Mine Mine Shaft Adit Trench Pit Air Shaft Millsite
This map layer displays the records previously provided in the Mineral Resource Data System (MRDS) of USGS and the Mineral Availability System/Mineral Industry Locator System (MAS/MILS) originated in the U.S. Bureau of Mines, which is now part of USGS.
The MRDS is a large and complex relational database developed over several decades by hundreds of researchers and reporters. While database records describe mineral resources worldwide, the compilation of information was intended to cover the United States completely, and its coverage of resources in other countries is incomplete.
The content of MRDS records was drawn from reports previously published or made available to USGS researchers. Some of those original source materials are no longer available.
The information contained in MRDS was intended to reflect the reports used as sources and is current only as of the date of those source reports. Consequently MRDS does not reflect up-to-date changes to the operating status of mines, ownership, land status, production figures and estimates of reserves and resources, or the nature, size, and extent of workings. Information on the geological characteristics of the mineral resource are likely to remain correct, but aspects involving human activity are likely to be out of date.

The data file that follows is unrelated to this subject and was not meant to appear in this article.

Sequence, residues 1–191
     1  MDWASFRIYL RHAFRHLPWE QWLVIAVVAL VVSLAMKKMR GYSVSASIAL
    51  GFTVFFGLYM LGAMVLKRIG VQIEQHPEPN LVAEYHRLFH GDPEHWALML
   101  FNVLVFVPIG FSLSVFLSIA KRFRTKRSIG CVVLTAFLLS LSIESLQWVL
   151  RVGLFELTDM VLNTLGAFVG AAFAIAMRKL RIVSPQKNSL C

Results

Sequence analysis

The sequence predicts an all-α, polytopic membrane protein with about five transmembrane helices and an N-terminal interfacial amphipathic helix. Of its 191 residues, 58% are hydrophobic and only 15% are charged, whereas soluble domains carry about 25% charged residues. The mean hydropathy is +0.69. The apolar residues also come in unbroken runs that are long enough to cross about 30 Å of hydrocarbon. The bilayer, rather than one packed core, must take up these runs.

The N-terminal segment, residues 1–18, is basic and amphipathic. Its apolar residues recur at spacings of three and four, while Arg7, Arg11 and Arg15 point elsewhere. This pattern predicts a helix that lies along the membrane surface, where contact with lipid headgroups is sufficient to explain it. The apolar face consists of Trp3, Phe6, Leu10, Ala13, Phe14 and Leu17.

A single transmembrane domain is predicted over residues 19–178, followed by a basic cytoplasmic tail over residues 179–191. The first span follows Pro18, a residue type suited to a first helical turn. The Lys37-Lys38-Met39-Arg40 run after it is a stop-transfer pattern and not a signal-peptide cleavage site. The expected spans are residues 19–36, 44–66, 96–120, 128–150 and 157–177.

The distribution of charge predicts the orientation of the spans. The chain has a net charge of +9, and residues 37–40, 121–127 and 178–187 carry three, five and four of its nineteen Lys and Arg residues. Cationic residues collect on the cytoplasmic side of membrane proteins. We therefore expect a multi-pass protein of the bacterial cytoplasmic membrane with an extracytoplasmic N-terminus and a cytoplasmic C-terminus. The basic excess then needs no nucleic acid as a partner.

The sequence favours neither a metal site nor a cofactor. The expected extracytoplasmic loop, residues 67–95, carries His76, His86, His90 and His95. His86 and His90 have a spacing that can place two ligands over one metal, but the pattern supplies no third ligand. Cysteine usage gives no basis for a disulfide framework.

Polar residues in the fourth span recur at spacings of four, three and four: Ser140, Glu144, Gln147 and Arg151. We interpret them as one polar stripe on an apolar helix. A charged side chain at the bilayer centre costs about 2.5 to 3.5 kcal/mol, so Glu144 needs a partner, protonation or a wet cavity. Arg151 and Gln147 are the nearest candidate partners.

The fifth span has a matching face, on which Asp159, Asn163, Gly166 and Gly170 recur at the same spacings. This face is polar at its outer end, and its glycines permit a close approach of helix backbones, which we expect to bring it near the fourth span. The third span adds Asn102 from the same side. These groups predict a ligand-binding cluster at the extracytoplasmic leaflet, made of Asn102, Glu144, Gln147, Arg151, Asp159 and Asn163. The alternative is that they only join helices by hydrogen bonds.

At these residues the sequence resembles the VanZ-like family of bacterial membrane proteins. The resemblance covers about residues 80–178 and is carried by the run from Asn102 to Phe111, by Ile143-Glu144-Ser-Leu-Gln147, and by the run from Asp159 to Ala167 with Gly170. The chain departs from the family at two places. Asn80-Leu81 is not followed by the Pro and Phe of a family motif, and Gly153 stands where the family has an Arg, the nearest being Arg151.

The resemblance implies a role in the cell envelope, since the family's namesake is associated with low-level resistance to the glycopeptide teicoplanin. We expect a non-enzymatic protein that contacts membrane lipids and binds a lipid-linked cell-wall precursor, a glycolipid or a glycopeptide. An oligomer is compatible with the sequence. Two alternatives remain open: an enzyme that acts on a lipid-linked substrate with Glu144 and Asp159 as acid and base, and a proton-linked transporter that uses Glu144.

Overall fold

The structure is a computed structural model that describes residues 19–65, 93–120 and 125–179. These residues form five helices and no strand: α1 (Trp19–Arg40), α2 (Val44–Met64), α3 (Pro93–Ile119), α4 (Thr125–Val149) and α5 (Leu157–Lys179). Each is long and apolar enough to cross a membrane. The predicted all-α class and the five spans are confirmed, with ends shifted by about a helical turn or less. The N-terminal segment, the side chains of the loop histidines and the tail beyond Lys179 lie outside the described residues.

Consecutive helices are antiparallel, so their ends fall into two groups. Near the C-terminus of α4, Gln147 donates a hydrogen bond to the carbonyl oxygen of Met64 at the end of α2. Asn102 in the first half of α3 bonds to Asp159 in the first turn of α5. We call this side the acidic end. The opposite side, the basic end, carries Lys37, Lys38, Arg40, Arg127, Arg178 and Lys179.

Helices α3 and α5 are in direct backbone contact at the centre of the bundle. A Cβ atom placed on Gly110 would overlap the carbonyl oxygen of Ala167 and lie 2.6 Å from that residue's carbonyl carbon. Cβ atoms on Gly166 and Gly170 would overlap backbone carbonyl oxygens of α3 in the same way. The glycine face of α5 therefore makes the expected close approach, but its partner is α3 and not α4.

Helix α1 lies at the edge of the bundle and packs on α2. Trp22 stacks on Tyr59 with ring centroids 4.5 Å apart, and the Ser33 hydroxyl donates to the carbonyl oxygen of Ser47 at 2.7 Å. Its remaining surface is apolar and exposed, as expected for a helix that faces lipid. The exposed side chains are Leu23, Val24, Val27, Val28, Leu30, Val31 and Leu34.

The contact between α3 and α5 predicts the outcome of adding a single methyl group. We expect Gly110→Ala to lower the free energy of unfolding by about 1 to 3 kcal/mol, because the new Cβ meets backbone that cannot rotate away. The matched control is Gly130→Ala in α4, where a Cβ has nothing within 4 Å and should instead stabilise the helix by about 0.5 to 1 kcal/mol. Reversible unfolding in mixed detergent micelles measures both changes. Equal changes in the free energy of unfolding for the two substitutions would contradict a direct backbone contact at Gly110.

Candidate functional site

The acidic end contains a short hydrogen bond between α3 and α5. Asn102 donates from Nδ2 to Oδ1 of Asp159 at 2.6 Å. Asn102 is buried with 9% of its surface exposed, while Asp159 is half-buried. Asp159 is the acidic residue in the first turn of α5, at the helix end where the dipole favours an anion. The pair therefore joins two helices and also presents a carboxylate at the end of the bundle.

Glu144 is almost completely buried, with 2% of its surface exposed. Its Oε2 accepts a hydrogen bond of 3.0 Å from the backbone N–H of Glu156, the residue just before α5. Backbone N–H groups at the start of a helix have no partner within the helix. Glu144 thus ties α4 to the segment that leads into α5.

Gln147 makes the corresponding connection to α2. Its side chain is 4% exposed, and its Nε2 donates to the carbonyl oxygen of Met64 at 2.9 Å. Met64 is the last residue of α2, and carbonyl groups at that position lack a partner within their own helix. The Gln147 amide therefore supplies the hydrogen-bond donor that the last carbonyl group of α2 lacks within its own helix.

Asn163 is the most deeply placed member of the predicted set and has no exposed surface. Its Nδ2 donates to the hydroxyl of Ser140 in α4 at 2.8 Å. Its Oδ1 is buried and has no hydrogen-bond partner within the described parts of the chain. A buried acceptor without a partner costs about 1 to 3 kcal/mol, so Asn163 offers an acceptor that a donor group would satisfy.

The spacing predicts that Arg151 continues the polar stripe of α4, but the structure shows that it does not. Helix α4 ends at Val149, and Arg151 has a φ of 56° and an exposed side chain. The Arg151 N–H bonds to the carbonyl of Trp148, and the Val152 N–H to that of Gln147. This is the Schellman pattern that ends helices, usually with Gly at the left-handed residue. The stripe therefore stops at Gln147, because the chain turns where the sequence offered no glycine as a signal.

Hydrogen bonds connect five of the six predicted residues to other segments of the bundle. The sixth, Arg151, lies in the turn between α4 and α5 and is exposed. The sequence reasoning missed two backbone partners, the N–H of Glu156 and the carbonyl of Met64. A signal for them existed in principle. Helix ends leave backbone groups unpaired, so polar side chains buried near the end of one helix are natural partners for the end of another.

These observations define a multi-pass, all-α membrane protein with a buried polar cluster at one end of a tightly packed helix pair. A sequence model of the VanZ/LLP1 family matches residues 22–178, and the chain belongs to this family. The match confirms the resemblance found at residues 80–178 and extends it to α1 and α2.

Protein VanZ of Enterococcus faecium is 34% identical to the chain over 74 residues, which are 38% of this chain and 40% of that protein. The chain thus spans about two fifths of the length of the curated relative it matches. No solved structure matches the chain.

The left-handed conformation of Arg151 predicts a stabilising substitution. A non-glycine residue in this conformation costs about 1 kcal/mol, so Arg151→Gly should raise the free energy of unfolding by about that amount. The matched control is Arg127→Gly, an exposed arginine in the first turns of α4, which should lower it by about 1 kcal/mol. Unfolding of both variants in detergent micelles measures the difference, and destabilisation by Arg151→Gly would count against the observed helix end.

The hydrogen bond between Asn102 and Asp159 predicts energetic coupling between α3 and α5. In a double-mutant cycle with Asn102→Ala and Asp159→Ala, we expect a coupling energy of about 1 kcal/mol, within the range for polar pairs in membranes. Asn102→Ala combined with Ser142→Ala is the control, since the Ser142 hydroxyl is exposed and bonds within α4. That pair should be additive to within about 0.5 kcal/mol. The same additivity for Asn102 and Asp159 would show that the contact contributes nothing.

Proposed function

Collected over many decades, this information is highly variable in quality. Currency of individual records is variable as well, so it is likely that some information will be found to be out of date. This is a subject of continuing refinement by the USGS and its cooperators.